You are viewing the documentation for Play 1. The documentation for Play 2 is here.

Frequently Asked Questions

How does Play compare to framework X?

Nowadays, you have a very large number of choices for developing web applications. Play being a Java web application framework, let’s compare it to other Java frameworks. Play is built for a ‘share nothing’ architecture (think about it as a stateless framework), so it’s very different from all these Java stateful and components based frameworks like Seam, Tapestry or Wicket. It’s closer to Spring MVC or Struts (or Struts 2), but way more opinionated.

However Play is a unique Java framework. It does not really rely on the so-called Java Enterprise standards. It uses Java, but tries to bring all the good things from the frameworks based on scripting languages like Ruby On Rails, Django, Pylons, Symfony, Grails and Cake PHP to the Java world. We really tried to get the best out of the Java platform without getting the pain of traditional Java web development: a slow development cycle, too much abstraction and too much configuration.

Why don’t you rename the ‘play’ package to ‘org.playframework’?!

You are missing the point. Play is not another library that you add to your Servlet container. It’s really a full stack Java framework that runs your application stand-alone. The Java package naming conventions exist to avoid name clashes when you use several different libraries from several vendors. But believe us, you will never put the play.jar library in your own project. This is not the way Play works. Play is the platform. Don’t worry about that.

Why do I need Python (I would prefer Maven)?

We need a lot of scripts to manage Play applications, for creating a new application, running it, launching a browser, etc… Of course we could write these in Java directly. But running a Java VM for simple tasks like project creation is very slow. And Java itself is very limited when it comes to OS interaction.

Python allowed us to write these scripts in a completely portable way. It’s fast to run, easy to write and available out of the box on most systems. It’s not on Windows, that’s why we bundle a Windows Python binary with the framework.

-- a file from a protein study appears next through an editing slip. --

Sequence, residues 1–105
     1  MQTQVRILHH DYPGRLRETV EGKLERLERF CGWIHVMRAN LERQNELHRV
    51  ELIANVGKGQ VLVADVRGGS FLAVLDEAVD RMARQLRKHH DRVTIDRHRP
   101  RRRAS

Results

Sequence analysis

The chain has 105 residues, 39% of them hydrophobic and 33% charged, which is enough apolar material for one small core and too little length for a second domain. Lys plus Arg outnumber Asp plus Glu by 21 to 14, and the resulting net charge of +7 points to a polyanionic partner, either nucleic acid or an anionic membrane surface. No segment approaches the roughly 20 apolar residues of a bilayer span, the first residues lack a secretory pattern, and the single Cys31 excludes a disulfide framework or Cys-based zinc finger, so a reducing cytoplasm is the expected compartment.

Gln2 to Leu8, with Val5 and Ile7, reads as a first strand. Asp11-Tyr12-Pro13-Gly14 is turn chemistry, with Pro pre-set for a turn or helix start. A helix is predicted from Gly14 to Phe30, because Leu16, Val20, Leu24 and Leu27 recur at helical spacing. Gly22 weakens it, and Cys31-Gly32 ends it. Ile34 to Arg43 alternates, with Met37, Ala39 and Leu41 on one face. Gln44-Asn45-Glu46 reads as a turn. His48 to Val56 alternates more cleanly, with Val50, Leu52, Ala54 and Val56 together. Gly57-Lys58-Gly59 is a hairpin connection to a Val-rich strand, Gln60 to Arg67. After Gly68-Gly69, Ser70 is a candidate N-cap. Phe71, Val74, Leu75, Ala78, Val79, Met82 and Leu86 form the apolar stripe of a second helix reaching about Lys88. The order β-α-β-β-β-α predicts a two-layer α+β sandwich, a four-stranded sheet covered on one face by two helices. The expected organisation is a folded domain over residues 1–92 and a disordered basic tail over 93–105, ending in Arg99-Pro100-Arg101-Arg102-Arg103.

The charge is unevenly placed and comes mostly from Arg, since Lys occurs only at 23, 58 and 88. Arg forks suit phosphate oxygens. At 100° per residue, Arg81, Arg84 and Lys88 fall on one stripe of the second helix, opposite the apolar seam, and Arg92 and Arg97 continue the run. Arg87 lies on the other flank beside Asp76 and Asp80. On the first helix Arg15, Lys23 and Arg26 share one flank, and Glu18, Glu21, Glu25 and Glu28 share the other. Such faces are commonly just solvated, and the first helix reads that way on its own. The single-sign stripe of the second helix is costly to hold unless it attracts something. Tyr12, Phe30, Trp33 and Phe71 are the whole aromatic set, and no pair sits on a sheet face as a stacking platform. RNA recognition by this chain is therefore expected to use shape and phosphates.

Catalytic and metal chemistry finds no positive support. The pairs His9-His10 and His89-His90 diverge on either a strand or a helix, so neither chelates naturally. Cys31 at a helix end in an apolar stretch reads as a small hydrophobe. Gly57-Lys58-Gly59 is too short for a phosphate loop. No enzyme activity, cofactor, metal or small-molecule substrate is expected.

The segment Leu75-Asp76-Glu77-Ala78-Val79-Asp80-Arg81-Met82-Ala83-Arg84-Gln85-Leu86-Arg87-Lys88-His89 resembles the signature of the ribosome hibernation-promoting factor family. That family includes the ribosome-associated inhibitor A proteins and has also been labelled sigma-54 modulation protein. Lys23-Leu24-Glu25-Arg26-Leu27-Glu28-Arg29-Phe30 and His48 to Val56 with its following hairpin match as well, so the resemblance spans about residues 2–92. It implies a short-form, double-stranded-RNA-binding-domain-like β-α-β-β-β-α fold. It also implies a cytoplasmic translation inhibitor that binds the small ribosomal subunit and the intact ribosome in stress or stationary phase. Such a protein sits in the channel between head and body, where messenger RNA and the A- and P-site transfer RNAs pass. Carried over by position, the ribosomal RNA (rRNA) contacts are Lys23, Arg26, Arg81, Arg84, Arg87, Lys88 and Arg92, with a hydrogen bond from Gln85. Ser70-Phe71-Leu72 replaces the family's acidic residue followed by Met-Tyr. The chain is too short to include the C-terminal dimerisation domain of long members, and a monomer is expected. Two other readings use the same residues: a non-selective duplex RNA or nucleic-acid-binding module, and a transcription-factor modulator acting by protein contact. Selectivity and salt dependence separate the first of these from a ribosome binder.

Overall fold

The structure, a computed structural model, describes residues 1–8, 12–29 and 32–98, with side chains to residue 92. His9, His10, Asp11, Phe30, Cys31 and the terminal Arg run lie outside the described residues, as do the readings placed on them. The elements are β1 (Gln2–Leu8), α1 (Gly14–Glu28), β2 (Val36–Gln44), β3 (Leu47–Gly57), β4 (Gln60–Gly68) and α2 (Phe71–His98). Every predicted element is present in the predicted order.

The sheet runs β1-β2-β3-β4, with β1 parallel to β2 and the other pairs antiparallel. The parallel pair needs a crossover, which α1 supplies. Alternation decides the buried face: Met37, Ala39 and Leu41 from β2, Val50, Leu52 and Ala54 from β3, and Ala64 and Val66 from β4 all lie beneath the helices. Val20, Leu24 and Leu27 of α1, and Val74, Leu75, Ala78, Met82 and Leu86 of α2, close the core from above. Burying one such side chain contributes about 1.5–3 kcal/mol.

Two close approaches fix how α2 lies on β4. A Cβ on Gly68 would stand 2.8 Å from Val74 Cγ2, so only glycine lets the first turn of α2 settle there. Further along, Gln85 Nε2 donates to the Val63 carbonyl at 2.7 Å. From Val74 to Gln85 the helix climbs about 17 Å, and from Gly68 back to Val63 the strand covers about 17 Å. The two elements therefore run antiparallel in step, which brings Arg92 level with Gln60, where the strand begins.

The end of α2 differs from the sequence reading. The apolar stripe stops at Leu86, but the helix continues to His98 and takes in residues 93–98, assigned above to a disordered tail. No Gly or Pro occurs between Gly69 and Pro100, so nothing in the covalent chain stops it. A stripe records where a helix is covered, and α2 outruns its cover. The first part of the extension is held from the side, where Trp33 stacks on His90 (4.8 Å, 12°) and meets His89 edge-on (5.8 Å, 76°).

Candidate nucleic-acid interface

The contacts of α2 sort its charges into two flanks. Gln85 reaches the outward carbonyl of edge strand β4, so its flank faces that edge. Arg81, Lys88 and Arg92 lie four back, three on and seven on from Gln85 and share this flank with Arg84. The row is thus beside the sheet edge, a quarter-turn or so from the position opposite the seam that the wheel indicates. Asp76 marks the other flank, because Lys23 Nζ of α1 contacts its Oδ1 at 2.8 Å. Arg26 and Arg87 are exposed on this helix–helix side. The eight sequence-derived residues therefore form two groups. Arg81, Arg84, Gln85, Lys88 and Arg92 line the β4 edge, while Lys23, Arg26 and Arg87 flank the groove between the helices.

Is Play a Groovy framework?

No. Even though we use Groovy as the base technology for the Play templating system, it’s totally transparent. Also, you can’t directly write any other part of the application (such as controllers, models or other utilities) in Groovy. If you’re looking for a Groovy based framework you should have a look at Grails.

You guys don’t even know how to program in Java...

We are fully aware that we made choices that are pretty uncommon in the Java world, and that Play does not blindly follow all the so-called Java ‘good practices’. But all of the Play team members are very experienced Java developers and we are totally aware of the choices we made and the rules we broke.

Java itself is a very generic programming language and not originally designed for web application development. It is a very different thing to write a generic and reusable Java library and to create a web application. A web application itself doesn’t need to be designed to be reusable. You need less abstraction, less configuration. Reusability does exist for web applications, but through web service APIs rather than language-level integration.

When the development time tends to zero you can concentrate on your application features and experiment quickly, instead of trying to abstract things for future developments.

Is Play fast?

Yes, Play itself is fast. But that doesn’t mean that any particular application will be fast. The embedded HTTP server, the basic routing and the controller invocation stack are very very fast. Used with a modern JVM and Just In Time compiling you can easily get thousands of requests per second. Unfortunately, your application will likely use a database, which will become the bottleneck as usual.

The biggest CPU consumer in the Play stack at the moment is the Groovy-based template engine. But as Play applications are easily scalable, it is not really a problem if you need to handle very high traffic: you can balance the load between several servers. We also hope for a performance gain at this level with the new JDK7 and its better support for dynamic languages.

Can I already use Play for a production application?

Sure, a lot of people already use Play in production. The 1.0 branch is now in maintenance mode, which means that we will just fix bugs and keep API compatibility in that branch.

Is library X supported?

Play is standard Java, so any standard Java library can easily be used. However keep in mind that Play does not use the Servlet API (although you can get it work in a standard Servlet container using the WAR export feature). So unless the library you want to use relies on the Servlet API, there won’t be any problem.

How can I help/contribute?

We use launchpad as our main development tool, and launchpad itself is very open. You can just register a launchpad account and start to contribute. You can assign any open bug to yourself, fork any Play official branch to your own branch, and propose a merge to us if you have fixed something.

The documentation itself is kept as Textile files in the framework source repository, so you can edit it and contribute just as you can with code.